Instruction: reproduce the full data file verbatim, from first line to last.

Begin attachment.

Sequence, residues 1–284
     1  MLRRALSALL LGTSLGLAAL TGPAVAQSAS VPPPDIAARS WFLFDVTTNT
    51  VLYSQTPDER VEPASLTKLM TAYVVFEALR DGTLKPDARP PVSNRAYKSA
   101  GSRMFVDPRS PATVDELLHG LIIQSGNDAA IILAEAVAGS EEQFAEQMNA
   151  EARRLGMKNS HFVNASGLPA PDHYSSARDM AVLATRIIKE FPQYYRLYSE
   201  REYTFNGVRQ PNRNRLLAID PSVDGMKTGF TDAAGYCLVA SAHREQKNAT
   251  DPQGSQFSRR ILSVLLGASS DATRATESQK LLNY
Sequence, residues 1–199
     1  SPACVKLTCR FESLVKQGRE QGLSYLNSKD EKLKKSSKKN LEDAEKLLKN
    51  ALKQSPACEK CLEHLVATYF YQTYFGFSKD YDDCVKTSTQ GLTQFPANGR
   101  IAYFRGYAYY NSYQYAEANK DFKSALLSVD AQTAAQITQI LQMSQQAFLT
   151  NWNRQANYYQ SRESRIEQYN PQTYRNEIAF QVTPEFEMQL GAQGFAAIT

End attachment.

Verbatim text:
Sequence, residues 1–284
     1  MLRRALSALL LGTSLGLAAL TGPAVAQSAS VPPPDIAARS WFLFDVTTNT
    51  VLYSQTPDER VEPASLTKLM TAYVVFEALR DGTLKPDARP PVSNRAYKSA
   101  GSRMFVDPRS PATVDELLHG LIIQSGNDAA IILAEAVAGS EEQFAEQMNA
   151  EARRLGMKNS HFVNASGLPA PDHYSSARDM AVLATRIIKE FPQYYRLYSE
   201  REYTFNGVRQ PNRNRLLAID PSVDGMKTGF TDAAGYCLVA SAHREQKNAT
   251  DPQGSQFSRR ILSVLLGASS DATRATESQK LLNY
Sequence, residues 1–199
     1  SPACVKLTCR FESLVKQGRE QGLSYLNSKD EKLKKSSKKN LEDAEKLLKN
    51  ALKQSPACEK CLEHLVATYF YQTYFGFSKD YDDCVKTSTQ GLTQFPANGR
   101  IAYFRGYAYY NSYQYAEANK DFKSALLSVD AQTAAQITQI LQMSQQAFLT
   151  NWNRQANYYQ SRESRIEQYN PQTYRNEIAF QVTPEFEMQL GAQGFAAIT